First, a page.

• You're all caught up!

Lifting Weights & Tendonitis

author image Lance Fuller
Specializing in health and fitness writing, Lance Fuller is currently interning for the National Education Association in Washington, D.C. Fuller was the first student to write about health and fitness for "The Independent Florida Alligator," America's largest student-run college newspaper. Fuller holds a Bachelor of Science in journalism, focusing on health and fitness writing, from the University of Florida.
Lifting Weights & Tendonitis
Tendonitis affects the tendons, which connect the muscles and bones. Photo Credit Fuse/Fuse/Getty Images

Although you should expect some soreness when lifting weights, the line between soreness and pain can get blurry. Whether you have lifted weights for a few years or a few months, chances are you might have the experienced chronic pain or inflammation in your joints called tendonitis. The good news is that tendonitis can be prevented and treated to a full recovery, but if left untended, can stop you from lifting weights and exercising altogether.


The tendons in your body connect muscle and bone. According to the bodybuilding website Muscle & Strength, constant repetitive motion that pulls on the tendons tightens them and makes them susceptible to microscopic tearing. When the tendon has microtears, inflammation occurs, which results in tendonitis.


Along with acute injury, tendonitis is caused by repetitive stresses that eventually wear down the joints over time. Performing monotonous workouts with little variation and lifting heavier weights cause tendonitis because this tension strains the tendons. For example, a weightlifter who continually works his chest by doing heavy bench presses can develop tendonitis in his shoulders and elbows. Weightlifters are not the only athletes who can develop tendonitis. Tennis players and swimmers develop their own forms — tennis elbow and swimmer's shoulder, respectively.

You Might Also Like

Types of Tendonitis

The severity of tendonitis is measured by four grades with Grade 1 the least painful and Grade 4 the most painful.

Mild pain around the affected tendon after exercise is typical of Grade 1 tendonitis, the Running Planet website reports. This is the stage where treatment will prevent further damage.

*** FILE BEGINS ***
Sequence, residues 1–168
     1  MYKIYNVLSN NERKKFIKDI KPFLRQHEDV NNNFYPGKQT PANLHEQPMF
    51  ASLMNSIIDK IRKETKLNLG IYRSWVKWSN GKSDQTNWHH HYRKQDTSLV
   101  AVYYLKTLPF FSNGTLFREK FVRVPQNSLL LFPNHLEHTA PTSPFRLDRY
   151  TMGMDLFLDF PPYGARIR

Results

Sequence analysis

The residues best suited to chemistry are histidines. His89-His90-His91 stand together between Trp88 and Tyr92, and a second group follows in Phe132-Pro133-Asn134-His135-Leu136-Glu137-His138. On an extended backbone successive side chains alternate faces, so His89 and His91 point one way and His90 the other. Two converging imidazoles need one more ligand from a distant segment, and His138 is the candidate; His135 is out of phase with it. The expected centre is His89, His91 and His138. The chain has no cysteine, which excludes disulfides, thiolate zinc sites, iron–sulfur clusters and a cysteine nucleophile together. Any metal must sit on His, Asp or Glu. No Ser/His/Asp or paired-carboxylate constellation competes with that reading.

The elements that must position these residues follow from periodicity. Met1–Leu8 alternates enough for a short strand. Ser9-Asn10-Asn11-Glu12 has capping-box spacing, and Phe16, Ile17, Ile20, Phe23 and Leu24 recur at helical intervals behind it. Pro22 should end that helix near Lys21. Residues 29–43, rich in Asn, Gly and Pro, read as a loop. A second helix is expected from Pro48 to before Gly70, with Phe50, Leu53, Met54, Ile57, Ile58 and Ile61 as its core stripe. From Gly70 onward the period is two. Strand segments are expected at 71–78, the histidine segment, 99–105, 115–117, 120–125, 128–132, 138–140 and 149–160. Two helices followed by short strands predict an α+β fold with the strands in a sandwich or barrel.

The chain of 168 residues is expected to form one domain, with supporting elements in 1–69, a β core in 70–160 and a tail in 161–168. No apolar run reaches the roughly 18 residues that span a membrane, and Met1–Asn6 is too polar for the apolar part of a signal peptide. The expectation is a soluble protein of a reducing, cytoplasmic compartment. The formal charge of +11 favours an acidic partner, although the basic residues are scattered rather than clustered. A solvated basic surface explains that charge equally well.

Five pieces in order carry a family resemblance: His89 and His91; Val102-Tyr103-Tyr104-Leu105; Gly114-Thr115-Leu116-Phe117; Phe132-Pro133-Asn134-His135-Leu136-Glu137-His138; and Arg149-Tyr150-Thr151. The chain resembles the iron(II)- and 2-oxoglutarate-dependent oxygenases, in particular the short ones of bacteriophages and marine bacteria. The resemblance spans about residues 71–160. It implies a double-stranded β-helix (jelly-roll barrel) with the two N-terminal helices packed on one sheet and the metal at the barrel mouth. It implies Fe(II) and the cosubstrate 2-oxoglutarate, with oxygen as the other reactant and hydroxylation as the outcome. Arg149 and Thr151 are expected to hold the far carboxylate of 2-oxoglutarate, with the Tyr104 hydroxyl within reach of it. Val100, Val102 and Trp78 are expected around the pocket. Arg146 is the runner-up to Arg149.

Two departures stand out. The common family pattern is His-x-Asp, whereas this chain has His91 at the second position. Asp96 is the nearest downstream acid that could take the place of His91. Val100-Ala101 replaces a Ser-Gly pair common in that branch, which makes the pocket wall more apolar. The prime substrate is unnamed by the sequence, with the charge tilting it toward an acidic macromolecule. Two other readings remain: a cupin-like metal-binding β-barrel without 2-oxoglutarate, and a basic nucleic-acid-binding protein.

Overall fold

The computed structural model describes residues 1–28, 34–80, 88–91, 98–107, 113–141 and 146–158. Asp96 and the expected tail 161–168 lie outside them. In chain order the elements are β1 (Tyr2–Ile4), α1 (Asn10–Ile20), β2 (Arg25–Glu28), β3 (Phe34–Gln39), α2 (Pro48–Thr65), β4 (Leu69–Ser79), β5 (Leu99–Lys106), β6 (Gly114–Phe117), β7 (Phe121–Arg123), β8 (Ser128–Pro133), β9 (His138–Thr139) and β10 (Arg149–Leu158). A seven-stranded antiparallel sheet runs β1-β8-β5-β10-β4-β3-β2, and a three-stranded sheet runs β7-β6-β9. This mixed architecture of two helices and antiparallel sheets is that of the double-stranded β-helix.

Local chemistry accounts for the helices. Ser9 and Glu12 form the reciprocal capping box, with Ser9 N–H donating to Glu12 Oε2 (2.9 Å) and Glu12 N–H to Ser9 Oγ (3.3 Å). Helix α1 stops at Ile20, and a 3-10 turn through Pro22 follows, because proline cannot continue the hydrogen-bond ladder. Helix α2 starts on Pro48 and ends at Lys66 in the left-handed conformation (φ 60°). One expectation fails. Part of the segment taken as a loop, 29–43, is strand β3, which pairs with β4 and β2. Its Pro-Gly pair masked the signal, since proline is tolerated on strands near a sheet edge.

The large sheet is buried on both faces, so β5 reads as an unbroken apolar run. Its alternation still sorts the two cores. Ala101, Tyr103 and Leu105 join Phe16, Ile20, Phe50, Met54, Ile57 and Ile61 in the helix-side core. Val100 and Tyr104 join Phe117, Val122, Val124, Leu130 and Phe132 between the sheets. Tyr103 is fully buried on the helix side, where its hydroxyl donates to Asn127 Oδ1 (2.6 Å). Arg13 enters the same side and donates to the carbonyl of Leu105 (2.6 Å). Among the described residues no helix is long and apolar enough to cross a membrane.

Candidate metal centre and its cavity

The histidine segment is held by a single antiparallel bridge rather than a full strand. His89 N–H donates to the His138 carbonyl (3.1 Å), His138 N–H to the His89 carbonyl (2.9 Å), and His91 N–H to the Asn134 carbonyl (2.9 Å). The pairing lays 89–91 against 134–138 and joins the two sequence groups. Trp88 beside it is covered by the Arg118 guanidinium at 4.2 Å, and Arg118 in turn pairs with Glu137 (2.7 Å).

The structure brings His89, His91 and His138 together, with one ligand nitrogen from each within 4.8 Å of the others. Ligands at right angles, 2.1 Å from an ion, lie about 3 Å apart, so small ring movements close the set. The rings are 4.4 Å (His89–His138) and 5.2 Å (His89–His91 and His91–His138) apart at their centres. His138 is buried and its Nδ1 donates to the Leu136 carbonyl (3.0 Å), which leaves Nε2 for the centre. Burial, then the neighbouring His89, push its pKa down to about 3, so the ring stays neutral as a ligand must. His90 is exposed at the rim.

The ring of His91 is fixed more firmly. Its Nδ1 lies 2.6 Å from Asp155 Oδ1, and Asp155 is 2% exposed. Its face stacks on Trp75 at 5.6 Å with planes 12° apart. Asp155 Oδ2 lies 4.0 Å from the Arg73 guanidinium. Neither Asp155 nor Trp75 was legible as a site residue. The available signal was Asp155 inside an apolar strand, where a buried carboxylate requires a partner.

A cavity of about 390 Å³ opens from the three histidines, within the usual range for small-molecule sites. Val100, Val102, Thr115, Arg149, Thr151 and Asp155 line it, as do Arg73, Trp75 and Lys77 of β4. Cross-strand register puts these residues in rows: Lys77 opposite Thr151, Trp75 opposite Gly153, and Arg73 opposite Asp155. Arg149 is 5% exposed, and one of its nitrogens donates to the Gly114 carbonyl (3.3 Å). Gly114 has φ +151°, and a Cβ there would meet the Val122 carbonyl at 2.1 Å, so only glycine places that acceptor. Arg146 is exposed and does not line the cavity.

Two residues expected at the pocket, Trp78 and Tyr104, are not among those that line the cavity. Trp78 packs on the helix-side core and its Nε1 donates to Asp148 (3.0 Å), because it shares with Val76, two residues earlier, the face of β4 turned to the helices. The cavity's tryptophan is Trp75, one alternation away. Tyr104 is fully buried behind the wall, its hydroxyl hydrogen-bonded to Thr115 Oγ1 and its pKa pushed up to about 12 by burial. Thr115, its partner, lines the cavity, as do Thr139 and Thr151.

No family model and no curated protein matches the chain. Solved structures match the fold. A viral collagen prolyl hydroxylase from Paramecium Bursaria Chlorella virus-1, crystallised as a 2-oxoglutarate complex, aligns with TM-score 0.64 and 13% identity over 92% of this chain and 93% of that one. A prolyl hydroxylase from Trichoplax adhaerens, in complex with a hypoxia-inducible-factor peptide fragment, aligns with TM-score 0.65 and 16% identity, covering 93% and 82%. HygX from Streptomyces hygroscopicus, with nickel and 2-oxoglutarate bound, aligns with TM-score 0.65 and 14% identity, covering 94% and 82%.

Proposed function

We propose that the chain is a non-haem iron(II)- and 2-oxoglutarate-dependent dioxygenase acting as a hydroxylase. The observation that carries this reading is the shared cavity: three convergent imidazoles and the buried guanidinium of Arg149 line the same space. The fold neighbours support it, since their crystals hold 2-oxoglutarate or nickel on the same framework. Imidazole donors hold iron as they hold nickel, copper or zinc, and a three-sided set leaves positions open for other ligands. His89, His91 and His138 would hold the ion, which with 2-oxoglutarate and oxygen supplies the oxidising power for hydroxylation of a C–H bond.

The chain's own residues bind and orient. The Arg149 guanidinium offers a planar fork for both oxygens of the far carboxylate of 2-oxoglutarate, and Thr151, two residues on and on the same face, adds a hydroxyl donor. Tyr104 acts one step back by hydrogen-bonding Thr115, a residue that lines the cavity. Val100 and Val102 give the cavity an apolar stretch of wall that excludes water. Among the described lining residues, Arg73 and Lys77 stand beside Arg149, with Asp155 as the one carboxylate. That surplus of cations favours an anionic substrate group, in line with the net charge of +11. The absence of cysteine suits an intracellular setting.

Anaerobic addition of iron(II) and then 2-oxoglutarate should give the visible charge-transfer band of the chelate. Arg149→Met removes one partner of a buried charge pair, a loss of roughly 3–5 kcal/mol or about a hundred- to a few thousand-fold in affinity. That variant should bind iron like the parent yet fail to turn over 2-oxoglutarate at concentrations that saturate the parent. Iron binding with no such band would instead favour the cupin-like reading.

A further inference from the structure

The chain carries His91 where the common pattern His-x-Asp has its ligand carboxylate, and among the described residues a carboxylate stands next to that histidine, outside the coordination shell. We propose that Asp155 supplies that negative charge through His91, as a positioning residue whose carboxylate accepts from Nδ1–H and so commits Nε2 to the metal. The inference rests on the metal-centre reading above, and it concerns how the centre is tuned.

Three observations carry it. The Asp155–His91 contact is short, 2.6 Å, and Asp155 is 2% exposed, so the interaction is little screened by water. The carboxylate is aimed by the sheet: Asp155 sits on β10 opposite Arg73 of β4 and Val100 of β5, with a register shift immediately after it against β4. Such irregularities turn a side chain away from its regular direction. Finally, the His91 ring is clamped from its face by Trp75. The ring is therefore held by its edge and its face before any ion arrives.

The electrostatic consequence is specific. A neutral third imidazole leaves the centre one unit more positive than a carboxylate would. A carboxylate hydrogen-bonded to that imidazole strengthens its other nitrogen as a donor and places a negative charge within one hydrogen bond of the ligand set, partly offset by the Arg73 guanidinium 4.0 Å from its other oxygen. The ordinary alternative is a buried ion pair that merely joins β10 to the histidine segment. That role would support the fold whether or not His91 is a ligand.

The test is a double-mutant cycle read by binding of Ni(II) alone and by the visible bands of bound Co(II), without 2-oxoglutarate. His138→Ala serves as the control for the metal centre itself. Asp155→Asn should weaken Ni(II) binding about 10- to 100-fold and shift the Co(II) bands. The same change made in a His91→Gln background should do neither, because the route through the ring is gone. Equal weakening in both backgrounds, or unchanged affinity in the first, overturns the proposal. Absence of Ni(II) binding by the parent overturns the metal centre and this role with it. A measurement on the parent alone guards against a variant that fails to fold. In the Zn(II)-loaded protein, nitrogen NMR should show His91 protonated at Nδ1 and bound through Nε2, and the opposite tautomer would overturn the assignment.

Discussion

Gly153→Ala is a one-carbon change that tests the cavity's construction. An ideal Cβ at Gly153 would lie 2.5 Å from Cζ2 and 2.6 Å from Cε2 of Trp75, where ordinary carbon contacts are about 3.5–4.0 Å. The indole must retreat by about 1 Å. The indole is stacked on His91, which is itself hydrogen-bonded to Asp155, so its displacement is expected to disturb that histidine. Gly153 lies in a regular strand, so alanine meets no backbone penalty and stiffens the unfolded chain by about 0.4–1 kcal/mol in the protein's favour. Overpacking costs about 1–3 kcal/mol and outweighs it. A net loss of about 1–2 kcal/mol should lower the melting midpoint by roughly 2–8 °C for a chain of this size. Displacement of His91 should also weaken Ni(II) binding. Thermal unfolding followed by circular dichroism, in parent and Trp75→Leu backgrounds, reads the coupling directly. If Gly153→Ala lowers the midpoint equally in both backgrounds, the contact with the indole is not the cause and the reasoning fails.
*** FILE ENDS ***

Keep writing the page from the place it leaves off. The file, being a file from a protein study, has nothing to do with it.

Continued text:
Grade 2 tendonitis is where the line blurs between pain and soreness: A weightlifter will feel pain around the tendon at the beginning of an activity; the pain subsides during exercise but comes back after exercising. The pain is not severe and it is easy to exercise through it.

Grade 3 tendonitis features noticeable swelling all over the affected tendon, which becomes painful throughout and after physical activity. Your range of motion also becomes restricted.

A weightlifter suffering from Grade 4 tendonitis will experience moderate to severe pain during everyday activities, making exercise impossible. By this point, professional treatment is suggested.


Tendonitis can be completely cured if acknowledged and treated immediately during the Grade 1 stage. To best treat tendonitis, stop the activity that causes pain and use rest, ice and anti-inflammatory agents to reduce swelling and relieve pain. Severe tendonitis can rupture the tendon, which requires surgical repair. If the tendonitis reaches Grades 3 or 4, consult your doctor.


The best way to prevent tendonitis is properly warming up your muscles before working out and stretching them afterward.

For warm-ups, perform dynamic stretching that mimics the exercises you will later perform. For example, for the lower body, do lunges, butt kicks and body-weight squats to loosen your hamstrings and hip flexors. For the upper body, pushups and Cuban presses with light weights will help loosen the rotator cuffs. After working out, perform the classic "grab and hold" stretches.

Wearing protective belts and straps for the wrists, ankles and knees will also stabilize your joints when lifting extremely heavy weight.

Poor lifting technique can contribute to tendonitis, so if you are unsure of your technique, consult a certified personal trainer or a strength-and-conditioning specialist to develop the proper form for weight training.

Related Searches

LiveStrong Calorie Tracker
THE LIVESTRONG.COM MyPlate Nutrition, Workouts & Tips
  • Gain 2 pounds per week
  • Gain 1.5 pounds per week
  • Gain 1 pound per week
  • Gain 0.5 pound per week
  • Maintain my current weight
  • Lose 0.5 pound per week
  • Lose 1 pound per week
  • Lose 1.5 pounds per week
  • Lose 2 pounds per week
  • Female
  • Male
ft. in.


Demand Media